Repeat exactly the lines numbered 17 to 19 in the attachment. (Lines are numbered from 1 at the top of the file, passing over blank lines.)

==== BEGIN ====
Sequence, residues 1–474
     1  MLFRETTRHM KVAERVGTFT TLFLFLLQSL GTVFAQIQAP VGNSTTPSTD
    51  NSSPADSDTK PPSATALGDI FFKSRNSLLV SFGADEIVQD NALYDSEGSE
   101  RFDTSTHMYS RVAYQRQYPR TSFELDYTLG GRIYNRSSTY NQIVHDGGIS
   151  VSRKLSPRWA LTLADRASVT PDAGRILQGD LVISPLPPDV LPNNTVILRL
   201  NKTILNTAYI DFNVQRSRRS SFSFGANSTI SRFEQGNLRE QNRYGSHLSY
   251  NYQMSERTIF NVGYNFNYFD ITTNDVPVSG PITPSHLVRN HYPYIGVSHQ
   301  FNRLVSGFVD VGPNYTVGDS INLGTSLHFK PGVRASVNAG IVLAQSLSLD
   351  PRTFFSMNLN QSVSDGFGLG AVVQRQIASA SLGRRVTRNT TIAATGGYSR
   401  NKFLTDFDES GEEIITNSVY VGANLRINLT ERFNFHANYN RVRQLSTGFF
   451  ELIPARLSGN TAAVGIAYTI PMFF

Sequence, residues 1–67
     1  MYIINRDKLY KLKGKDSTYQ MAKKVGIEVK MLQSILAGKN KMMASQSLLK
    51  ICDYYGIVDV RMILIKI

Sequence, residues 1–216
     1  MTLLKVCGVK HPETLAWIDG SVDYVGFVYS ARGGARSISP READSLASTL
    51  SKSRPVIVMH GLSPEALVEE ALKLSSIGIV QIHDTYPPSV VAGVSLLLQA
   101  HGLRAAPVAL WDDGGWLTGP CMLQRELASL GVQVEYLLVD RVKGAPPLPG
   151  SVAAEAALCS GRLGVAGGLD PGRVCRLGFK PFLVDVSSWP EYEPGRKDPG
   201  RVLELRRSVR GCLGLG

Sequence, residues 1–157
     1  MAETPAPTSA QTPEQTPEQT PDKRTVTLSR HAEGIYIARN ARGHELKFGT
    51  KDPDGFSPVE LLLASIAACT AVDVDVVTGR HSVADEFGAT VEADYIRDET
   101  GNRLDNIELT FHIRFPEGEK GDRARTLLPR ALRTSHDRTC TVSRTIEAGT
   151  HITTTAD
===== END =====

    51  SKSRPVIVMH GLSPEALVEE ALKLSSIGIV QIHDTYPPSV VAGVSLLLQA
   101  HGLRAAPVAL WDDGGWLTGP CMLQRELASL GVQVEYLLVD RVKGAPPLPG
   151  SVAAEAALCS GRLGVAGGLD PGRVCRLGFK PFLVDVSSWP EYEPGRKDPG